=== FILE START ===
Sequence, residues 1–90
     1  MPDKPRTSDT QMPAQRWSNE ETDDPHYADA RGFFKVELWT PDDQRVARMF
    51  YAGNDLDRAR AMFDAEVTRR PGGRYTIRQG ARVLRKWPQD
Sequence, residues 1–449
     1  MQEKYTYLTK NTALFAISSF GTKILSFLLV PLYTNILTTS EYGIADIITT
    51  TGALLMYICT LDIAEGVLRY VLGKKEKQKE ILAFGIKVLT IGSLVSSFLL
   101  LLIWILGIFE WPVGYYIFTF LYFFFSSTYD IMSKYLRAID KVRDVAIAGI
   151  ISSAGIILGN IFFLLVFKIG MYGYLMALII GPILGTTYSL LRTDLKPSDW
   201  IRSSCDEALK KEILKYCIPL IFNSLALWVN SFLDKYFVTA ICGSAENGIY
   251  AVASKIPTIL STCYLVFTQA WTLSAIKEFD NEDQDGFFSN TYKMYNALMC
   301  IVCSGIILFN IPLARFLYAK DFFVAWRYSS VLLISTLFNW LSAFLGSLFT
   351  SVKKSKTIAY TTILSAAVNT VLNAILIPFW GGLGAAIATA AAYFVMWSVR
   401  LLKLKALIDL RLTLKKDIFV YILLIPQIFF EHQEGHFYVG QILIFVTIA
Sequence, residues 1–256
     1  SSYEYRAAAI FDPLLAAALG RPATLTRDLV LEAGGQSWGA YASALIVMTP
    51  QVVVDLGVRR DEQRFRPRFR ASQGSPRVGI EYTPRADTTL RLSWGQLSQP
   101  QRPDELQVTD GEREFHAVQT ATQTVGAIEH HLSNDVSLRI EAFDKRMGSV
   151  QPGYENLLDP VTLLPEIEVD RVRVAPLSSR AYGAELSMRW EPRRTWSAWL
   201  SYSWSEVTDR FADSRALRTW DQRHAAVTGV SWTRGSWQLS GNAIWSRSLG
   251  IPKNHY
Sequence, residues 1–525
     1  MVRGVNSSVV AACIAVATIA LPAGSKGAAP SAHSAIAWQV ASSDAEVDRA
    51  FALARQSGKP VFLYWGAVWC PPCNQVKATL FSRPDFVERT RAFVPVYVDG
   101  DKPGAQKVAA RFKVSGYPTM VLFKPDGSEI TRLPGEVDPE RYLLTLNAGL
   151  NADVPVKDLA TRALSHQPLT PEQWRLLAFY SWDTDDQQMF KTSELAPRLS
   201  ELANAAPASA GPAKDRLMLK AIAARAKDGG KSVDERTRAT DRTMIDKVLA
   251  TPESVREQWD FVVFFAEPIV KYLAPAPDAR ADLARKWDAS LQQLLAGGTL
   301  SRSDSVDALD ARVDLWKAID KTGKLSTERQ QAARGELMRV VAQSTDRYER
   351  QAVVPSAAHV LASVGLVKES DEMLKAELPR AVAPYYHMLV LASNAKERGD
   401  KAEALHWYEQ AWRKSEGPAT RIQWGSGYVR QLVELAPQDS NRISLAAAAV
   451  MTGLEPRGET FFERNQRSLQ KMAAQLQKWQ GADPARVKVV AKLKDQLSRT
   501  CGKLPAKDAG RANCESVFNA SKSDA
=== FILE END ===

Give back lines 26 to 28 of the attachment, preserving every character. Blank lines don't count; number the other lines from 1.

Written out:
   201  ELANAAPASA GPAKDRLMLK AIAARAKDGG KSVDERTRAT DRTMIDKVLA
   251  TPESVREQWD FVVFFAEPIV KYLAPAPDAR ADLARKWDAS LQQLLAGGTL
   301  SRSDSVDALD ARVDLWKAID KTGKLSTERQ QAARGELMRV VAQSTDRYER